Image orientation changes my quantification


#1

Hi all,

I noticed that my quantification changes if the orientation of my import images is different.
I am using the IdentifyPrimaryObjects Module to identify objects above a certain threshold and in a certain size range. I though that the quantification should be the same if the image is the same regardless the orientation. However I notice slight differences when rotated 180 degrees and big differences in quantification when the image is rotated e.g. 20 or 45 degrees. Why is that, isn’t the module looking for above threshold pixels and they should be the same regardless orientation? What can I do to normalize for that effect?

Thanks for the help,
Larissa


#2

Hello,

My guess is:

When you rotate the image in angle that’s not 180 or 360, in your case 20 and 45 degree, the empty area is an extra space which has intensity of 0.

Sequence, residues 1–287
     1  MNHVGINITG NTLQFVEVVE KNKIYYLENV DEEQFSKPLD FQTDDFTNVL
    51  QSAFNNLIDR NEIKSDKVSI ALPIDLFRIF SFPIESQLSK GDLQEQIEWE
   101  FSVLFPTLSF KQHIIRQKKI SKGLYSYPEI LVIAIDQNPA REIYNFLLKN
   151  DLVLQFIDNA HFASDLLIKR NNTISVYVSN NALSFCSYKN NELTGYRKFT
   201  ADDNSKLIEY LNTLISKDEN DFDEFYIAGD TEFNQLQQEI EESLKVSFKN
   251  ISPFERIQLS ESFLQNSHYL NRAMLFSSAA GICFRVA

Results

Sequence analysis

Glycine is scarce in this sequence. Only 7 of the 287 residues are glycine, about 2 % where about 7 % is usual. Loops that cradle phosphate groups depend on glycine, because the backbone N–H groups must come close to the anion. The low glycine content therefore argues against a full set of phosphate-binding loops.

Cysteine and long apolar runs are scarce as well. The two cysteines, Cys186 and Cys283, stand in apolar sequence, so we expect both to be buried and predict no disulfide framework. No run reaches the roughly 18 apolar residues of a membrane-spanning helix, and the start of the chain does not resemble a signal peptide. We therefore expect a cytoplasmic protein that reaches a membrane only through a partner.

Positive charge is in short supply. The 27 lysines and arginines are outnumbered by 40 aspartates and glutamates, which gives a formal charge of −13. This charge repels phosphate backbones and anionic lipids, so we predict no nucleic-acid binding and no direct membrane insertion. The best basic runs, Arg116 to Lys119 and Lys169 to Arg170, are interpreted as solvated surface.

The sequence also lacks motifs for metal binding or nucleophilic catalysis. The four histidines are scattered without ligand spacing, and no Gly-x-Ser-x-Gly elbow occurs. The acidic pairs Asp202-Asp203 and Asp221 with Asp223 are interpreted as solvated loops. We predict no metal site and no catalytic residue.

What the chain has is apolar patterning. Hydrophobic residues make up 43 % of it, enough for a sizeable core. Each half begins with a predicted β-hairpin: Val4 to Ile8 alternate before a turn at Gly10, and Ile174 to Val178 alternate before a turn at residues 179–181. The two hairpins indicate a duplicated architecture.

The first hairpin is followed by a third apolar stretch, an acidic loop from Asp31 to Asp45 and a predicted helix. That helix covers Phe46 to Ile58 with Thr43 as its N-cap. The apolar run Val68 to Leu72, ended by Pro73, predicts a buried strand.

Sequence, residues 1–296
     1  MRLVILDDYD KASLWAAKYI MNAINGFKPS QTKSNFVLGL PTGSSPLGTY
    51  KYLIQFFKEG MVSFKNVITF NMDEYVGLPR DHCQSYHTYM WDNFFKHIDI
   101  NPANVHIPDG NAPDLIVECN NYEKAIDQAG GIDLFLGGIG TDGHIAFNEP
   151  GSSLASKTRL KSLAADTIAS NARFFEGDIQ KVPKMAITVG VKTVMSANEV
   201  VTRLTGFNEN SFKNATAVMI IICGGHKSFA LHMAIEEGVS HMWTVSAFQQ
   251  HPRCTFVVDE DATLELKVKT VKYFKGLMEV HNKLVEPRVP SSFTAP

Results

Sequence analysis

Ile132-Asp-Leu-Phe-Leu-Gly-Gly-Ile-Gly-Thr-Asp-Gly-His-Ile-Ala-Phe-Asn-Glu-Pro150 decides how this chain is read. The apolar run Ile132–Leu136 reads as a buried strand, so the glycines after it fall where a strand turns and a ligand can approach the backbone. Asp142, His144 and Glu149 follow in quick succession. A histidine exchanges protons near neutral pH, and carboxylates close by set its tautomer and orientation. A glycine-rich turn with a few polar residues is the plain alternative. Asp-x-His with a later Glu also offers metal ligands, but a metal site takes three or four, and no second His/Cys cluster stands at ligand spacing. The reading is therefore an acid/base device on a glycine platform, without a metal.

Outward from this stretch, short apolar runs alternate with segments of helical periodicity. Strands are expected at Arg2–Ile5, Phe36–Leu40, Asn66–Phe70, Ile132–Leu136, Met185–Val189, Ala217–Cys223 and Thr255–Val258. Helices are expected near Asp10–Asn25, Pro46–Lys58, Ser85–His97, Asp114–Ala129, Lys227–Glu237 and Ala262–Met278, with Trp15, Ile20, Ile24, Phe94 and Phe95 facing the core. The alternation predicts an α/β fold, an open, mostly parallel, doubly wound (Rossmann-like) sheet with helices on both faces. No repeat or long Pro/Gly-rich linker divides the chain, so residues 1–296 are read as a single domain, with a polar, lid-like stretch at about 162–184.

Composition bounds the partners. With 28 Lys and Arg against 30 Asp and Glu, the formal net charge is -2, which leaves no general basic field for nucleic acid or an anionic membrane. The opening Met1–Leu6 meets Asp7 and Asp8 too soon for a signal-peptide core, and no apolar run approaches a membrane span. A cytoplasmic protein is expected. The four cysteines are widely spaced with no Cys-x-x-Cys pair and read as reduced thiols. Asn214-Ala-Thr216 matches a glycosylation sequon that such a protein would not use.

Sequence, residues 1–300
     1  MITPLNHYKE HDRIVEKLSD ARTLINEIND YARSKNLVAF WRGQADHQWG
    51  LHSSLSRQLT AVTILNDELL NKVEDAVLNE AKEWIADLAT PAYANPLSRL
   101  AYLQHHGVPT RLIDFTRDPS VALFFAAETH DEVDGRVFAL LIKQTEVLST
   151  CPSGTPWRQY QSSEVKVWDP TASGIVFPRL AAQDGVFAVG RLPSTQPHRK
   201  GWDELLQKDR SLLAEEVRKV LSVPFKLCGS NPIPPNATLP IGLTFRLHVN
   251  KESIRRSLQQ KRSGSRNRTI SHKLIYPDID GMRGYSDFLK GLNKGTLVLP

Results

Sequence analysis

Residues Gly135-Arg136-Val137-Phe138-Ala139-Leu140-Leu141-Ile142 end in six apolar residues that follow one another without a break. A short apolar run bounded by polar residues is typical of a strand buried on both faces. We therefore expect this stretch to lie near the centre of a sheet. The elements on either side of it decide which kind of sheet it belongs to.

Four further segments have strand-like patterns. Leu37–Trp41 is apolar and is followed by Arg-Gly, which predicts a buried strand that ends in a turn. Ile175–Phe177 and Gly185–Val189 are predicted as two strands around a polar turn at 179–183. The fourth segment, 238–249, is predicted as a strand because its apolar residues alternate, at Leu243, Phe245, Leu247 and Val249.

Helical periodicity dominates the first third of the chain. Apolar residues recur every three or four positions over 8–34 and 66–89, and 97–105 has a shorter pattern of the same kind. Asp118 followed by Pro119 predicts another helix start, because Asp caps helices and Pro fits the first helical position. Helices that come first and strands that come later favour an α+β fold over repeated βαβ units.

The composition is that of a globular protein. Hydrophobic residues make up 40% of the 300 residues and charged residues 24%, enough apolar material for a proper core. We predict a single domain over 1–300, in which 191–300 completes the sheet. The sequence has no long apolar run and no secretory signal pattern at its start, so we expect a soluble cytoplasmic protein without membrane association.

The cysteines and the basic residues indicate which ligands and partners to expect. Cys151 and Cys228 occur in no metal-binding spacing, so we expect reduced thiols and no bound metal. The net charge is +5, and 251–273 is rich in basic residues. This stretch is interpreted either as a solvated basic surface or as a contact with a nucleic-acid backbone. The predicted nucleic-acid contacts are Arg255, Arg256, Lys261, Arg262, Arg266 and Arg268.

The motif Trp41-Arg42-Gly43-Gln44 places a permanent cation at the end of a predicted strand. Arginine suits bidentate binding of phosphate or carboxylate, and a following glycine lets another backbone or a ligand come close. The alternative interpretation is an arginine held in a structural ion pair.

This extra space will change the dynamic range of the given image.
E.g. without rotation, the image only has 2 shades of gray, background and foreground
With rotation, the image now has 3 shades of gray, background, foreground and black empty space, which needs a different correction factor.

Hope that explains.


#3

Hi Minh,

thanks for the answer.
I see your point, that the black area changes. But actually all my images have black as I define ROI separately in ImageJ before. Thats why I am defining threshold based on the medianIntensity from the area different from 0. In my understanding threshold should therefore not change when simply rotating the image, but it does.

Best, Larissa


#4

Interesting.
Can you please try to see the image info (probably by using ImageJ) for both the non-rotated and rotated version.
Are they with the same bit-depth? e.g. both 16-bit or 24-bit.
We’re curious about this issue too, so if you don’t mind please upload the two versions.
Bests,


#5

Hi Minh,

thanks for looking into it, maybe I missed something very trivial…All images are 8-bit.